Facebook Slowly Making Home More Livable With Customizable Launcher Dock And Now Folders

When Facebook Home launched, its launcher was awful. No dock, no folders, no widgets — basically none of the personalization Androiders know and love. Even if they wanted their friends to come first, few were willing to sacrifice their customized home screen. But with last month’s new favorites dock and today’s added ability to drag apps into folders, Home’s biggest cracks are getting patched.

The problem is that HomeĀ replaces your home screen and launcher, rather than seeking to augment it. Most obviously, it buries your apps two taps deep. First you have to open its full-screen news feed on the lock screen called Cover Feed, and then use a gesture to bring up the launcher. The only customization allowed of the launcher was which apps sat on your primary home screen. That’s still a bit messy, and the rest of your apps would be listed out in a redundant and tough-to-navigate secondary screen you had to scroll down. If you frequently wanted to access a variety of apps beyond Facebook, it was quite a hassle. There was no Dock or folders to help organize your apps, and no widgets to give you the info trapped inside them at a glance.

Facebook's Terrible Default LauncherAs I wrote, some of the team who built and tested Home on Android were iPhone users, since Apple’s phones are very popular among employees of the social network. That meant they didn’t necessarily realize how important widgets were to people, and may have discounted the annoyance of reorganizing their home screen from scratch since they expected some friction when switching platforms. But for long-time Android users, Home overwriting their personalized home screen and leaving them with no way to reconstruct it was a deal breaker.

Home launched in April and by a month later, Facebook had read enough 1-star reviews to know this wasn’t acceptable. Slow downloads and almost non-existent sales of the HTC First that comes pre-loaded with Home showed that a terrible launcher was weighing down more popular features like Cover Feed and Chat Heads.

In May, it announced it was working on Dock, a persistently visible tray of your favorite apps that sits on the bottom of your launcher, just like on iOS. A month later it launched so you could at least always find your email, phone or text messages button.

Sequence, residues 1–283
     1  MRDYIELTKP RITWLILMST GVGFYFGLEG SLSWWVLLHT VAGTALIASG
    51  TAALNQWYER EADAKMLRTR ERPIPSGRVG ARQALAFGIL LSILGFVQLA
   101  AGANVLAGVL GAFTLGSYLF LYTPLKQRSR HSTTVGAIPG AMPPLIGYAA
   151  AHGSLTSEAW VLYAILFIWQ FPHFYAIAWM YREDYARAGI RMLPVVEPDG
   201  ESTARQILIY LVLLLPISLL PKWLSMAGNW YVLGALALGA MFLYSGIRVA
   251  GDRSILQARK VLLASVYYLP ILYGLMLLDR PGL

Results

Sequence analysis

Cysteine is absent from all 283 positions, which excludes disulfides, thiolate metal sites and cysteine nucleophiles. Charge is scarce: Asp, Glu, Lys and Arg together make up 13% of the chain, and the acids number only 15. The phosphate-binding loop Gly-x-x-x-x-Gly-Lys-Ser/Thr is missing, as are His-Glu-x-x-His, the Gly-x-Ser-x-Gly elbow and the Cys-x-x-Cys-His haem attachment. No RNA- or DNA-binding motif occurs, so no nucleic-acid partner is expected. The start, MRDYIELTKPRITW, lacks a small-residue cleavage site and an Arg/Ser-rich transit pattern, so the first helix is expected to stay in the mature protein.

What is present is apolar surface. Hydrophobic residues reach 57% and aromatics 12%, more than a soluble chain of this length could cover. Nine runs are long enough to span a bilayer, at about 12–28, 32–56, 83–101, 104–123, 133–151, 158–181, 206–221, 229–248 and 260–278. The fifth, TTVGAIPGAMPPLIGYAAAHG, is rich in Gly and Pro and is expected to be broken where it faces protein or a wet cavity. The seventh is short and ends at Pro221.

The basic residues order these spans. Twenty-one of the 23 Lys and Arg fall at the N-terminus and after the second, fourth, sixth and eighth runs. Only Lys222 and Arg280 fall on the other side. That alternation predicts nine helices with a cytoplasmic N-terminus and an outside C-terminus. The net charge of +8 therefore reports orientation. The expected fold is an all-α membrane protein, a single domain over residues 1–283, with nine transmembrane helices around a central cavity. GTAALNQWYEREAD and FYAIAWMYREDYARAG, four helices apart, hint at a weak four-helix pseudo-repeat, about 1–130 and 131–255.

With today’s update, when you drag apps on top of each other, they create a folder you can name. Many iOS and Android users employ folders to keep their home screens manageable and tidy even if they’ve downloaded dozens of apps. You might put all your news reading, restaurant finding, or puzzle gaming apps in the categorized folders. That makes it a lot quicker to find a certain app than trying to recognize it amidst a sea of icons or using search to pull it up.

Facebook Home Folders

Facebook now says it’s working on widget support — another sacrifice Home users wouldn’t have to make. It’s also trying to improve the NUX — the new user experience of Home. Right now it’s quite confusing, especially for tech novices and Android virgins. With NUX, dock, folders, and widgets worked out, it might finally be a fair fight between Home and more traditional versions of Android. Facebook would sure like to see the usage rates go up considering how long it’s worked on its “apperating system”.

[Correction: Facebook Home does properly import your folders from your non-Home Android homescreen when you first install it. Originally this article stated that Home doesn’t import folders as it doesn’t import them when you reactivate Home, but in fact it does for new users, and that’s what’s important. That means Home is finally becoming a layer over the top of your existing Android operating system, rather than a replacement for it. Because users no longer have to go through the work of reconfiguring their folders, they might now be more likely to try Home.]

Home’s appeal is already limited to serious social networkers. To stand a chance, it needs to be purely additive, not a trade-off. Once it’s no longer hampered by objective technical shortcomings, people will be able to make a unbiased decision about whether they want to organize their world around people or apps.

[Image Credit: Janiel]